Fondazione Zoé

Human biological material is increasingly important in scientific research.

From blood samples, isolated cells or parts of the human body we can extract essential information to improve diagnostics and treatments, above all in oncology. But, as well as being important, there is also an increasing risk that, through the analysis of these biological materials, we can acquire sensitive data (even if predictive in nature) on the person who the sample has been taken from and, in the case of genetic studies, their family as well. There is, therefore, a potential conflict between two constitutional rights: the right to research and, thus, the use of biological samples, and the right of person to ownership over parts of their own body and, above all, the connected right to the protection of any personal information found by researchers.

In Italy (where the situation is not very different from other EU countries and the USA) the principle of informed consent has also dominated this area. According to the “Provision by the Authority for the Protection of Personal Data” of 22 February 2007 and the “Decree by the Ministry for Health” on 21 December 2007, researchers can use biological samples only in ways and areas that the donor has defined specifically by consent. It becomes very problematic (if not impossible) to use a biological sample for research which is not given in the initial consent. Moreover, it is also complex using the many samples which have been collected over the years without the consent which is now necessary or leftover materials from diagnostic or treatment activities which are to be destroyed. Many therefore perceive the need for a better balance of rights so that we can remove obstacles to this research which do not help the care and well-being of people. In this context, in 2009 the “National Committee for Biosecurity, Biotechnologies and Life Sciences”, established by the Prime Minister’s Office, produced a detailed document dedicated to informed consent in collecting biological samples for research.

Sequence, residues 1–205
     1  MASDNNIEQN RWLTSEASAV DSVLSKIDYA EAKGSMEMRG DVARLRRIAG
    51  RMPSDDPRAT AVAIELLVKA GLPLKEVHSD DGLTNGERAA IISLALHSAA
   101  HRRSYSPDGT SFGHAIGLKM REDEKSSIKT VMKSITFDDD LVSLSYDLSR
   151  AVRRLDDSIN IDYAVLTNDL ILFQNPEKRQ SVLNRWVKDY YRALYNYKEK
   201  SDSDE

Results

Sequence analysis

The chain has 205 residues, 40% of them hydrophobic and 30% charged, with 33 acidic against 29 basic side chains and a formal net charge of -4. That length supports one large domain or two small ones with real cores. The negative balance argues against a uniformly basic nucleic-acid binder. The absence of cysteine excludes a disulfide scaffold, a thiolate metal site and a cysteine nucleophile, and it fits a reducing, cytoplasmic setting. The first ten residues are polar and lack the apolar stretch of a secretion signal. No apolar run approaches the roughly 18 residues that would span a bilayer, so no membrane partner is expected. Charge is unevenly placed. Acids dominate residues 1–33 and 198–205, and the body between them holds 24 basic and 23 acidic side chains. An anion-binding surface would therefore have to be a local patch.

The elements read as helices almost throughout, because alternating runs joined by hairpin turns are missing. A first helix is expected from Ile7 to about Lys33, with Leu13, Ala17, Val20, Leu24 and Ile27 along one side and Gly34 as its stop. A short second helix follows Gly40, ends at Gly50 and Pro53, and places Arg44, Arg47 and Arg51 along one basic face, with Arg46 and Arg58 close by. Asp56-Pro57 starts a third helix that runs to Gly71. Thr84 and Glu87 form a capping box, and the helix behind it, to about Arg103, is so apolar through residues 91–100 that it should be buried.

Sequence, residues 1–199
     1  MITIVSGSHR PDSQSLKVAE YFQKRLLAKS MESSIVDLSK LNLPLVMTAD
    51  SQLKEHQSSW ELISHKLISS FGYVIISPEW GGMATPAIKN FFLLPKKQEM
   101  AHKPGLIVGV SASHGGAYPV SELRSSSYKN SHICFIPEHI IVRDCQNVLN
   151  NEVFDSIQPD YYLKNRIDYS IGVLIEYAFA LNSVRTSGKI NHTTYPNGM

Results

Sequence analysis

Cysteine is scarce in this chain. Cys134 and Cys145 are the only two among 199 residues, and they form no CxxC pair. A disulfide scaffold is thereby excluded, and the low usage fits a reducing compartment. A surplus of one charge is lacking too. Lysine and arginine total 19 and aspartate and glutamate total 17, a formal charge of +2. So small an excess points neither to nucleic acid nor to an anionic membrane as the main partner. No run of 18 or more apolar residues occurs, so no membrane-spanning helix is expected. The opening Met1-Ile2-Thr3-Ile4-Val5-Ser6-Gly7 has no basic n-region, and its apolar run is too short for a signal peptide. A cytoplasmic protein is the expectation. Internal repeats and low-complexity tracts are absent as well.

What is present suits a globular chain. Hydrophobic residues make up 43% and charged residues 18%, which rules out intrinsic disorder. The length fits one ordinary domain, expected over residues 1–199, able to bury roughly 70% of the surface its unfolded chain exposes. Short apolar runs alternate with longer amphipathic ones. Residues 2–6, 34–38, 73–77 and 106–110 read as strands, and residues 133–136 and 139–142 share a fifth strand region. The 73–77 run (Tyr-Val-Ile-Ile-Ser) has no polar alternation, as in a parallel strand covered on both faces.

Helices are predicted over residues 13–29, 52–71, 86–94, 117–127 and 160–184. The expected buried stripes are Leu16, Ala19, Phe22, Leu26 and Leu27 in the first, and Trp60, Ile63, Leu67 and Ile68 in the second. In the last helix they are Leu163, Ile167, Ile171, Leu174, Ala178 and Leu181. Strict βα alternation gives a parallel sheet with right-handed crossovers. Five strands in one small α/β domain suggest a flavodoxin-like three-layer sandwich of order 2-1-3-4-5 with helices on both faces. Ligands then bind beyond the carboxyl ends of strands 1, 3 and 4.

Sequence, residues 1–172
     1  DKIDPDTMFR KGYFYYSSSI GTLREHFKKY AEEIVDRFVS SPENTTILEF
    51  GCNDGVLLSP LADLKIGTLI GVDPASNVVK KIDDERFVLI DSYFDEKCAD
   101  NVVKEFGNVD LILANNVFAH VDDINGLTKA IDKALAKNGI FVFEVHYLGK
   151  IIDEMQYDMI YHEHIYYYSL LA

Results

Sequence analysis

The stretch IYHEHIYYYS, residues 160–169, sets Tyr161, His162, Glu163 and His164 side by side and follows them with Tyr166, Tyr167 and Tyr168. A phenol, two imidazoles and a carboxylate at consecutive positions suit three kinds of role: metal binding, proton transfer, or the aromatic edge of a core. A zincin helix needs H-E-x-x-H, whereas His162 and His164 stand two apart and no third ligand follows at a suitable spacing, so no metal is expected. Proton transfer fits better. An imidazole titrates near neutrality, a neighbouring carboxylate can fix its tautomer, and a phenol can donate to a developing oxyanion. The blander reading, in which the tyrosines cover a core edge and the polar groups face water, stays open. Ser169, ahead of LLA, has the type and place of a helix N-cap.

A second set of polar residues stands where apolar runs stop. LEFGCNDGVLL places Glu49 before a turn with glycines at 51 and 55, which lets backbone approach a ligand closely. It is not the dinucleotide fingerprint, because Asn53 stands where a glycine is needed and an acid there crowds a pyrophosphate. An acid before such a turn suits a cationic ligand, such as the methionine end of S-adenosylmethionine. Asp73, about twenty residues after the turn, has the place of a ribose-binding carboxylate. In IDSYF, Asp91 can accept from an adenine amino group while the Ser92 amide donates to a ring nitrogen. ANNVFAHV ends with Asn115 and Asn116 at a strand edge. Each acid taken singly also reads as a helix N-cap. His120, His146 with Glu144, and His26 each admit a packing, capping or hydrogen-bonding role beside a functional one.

But I wish to also note that on 31 March last year, an interesting proposal called “From the biobank to the research biorepository” was presented and discussed at the Università Cattolica di Milano. The paper was the result of work in 2008 at the “Istituto Nazionale dei Tumori” involving a large number of doctors, lawyers, patient associations and other interested parties. As the title suggests, biodepositories do not have a commercial aim, given that “samples cannot be sold for money”. In biorepositories do not receive money (except for money covering their running costs), they do receive information on the results obtained using the samples: “to act as an instrument of accumulation, sharing and transmission of knowledge and technology transfer, the biodepository must rely on feedback from researchers who use the samples”.

But, it is on the (very delicate) point of consent that the proposal is most original. Indeed, it distinguishes consent for “procedure and limits” under which personal data can be used and consent for “scientific purposes and further research”. According to the proposal, it is only the first form of consent that should be protected by right to confidentiality, therefore meaning that it is possible to conduct further research that, although not initially foreseen are clear in the data handling, namely:

• possibilities and modalities of identification of data;
• flow of information (to whom, how);
• processing (comparisons, linkages);
• retention and subsequent availability of data.

The proposal is less courageous regarding left over samples stating the conditions for use where consent is lacking as “completely anonymous”.
The document also has many other ethical law recommendations which make up an essential and desirable legislative reform and point of reference for health professionals.



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